In my case, the compass points are independence and gratitude. Much of AONC has been built on an anti-authority construct, the idea of being “self-employed for life” and answering to no one. I still believe in this value. There are far too many people who feel trapped in dumb jobs. They need to escape!

But I’ve also tried to branch beyond “anti-authority” to being for something. I want to contribute something. I want my life and work to matter.

Forward, Onward

The other part of obtaining creative freedom is sheer perseverance. Just kept going!

Seth Godin once talked about his failures in the context of eventual success:

“If I fail more often than you, I win.”

That’s how I feel. Failure sucks but failing to try is far worse. The life of creative freedom is worth fighting for.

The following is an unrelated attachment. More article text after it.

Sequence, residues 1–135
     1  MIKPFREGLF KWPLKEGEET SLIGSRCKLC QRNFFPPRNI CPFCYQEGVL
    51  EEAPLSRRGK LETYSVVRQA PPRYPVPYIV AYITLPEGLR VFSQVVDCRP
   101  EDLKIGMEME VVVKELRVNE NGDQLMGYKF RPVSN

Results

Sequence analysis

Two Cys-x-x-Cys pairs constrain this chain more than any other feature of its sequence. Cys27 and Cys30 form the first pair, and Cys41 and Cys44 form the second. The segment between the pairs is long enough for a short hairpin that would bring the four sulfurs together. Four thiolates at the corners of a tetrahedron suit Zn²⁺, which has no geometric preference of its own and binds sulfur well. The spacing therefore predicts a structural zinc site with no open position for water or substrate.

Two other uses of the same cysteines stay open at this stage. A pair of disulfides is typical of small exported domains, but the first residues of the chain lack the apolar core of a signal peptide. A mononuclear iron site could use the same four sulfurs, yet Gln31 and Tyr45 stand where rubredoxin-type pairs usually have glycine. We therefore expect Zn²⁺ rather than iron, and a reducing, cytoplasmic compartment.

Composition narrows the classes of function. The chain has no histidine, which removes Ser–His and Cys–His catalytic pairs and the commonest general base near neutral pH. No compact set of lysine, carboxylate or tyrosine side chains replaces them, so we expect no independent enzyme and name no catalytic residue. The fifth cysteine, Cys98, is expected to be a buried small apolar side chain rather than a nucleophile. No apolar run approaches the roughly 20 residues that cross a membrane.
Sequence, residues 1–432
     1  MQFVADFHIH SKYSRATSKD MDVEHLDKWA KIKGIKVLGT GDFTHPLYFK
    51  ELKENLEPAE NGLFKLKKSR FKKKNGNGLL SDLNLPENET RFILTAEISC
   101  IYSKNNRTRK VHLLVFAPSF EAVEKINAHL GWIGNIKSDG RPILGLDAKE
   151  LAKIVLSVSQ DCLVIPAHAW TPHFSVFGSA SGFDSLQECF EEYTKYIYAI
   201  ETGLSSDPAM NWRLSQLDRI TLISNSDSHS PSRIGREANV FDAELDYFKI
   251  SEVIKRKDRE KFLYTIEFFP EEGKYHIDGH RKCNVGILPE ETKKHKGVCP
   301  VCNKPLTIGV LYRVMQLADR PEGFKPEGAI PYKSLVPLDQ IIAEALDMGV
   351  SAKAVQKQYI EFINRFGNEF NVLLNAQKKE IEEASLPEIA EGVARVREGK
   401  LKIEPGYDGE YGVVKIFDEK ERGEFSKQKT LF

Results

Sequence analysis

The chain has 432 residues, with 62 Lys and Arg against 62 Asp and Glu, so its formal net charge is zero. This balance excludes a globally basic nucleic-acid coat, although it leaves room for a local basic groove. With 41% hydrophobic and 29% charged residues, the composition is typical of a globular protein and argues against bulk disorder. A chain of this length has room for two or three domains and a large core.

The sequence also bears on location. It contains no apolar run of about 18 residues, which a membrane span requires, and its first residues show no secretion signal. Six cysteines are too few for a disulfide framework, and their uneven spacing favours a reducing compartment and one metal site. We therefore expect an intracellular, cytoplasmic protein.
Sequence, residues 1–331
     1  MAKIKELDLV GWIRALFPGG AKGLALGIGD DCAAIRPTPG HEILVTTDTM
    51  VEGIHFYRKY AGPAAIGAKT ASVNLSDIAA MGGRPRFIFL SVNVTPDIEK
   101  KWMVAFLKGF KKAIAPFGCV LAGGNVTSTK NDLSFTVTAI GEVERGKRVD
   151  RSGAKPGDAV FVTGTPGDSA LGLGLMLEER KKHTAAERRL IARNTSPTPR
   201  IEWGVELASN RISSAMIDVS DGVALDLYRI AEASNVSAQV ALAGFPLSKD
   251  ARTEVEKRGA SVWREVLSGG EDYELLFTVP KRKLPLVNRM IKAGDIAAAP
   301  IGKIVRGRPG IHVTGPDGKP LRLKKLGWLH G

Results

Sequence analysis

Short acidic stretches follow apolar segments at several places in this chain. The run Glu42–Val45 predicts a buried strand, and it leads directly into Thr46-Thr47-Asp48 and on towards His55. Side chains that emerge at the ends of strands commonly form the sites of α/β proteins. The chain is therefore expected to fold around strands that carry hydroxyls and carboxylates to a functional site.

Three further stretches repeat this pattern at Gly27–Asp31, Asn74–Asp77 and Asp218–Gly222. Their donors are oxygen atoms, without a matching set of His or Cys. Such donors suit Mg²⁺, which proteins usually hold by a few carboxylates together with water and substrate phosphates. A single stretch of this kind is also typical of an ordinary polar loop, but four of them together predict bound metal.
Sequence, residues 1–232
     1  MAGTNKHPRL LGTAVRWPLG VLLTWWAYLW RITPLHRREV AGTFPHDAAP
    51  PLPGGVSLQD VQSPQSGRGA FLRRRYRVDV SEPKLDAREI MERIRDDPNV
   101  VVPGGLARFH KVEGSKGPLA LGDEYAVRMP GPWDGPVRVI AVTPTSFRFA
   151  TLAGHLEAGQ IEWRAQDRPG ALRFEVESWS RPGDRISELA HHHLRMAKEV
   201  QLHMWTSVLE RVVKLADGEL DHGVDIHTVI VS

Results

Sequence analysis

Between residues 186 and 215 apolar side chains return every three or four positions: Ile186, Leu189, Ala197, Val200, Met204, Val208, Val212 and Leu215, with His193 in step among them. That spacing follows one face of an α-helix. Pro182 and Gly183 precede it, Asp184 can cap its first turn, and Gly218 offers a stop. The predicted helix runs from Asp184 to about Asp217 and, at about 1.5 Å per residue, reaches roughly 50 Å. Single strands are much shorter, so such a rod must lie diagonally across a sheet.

***

In just under two weeks we’ll be releasing our biggest Unconventional Guides project in more than a year. The goal is to help artists, designers, crafters, and “makers” of all kinds achieve creative freedom through self-employment.

A few years back I launched the Empire Building Kit, a resource that focused more specifically on online business. This new resource is essentially an Empire Building Kit for creatives of all kinds. If you’re a designer, artist, crafter, or “maker” of some sort who wants to sell your work—not just make it for fun—this project will show you exactly how to do it.

I haven’t been this excited about a new resource in a long time. On Monday we’ll share more of the lessons from some of the people featured in the new project, and next Thursday we’ll have a complete sneak preview along with a fun giveaway.

Question: What do you think about creative freedom? Have you made mistakes in pursuing self-employment?

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54 Comments

  • Tyler Hurst says: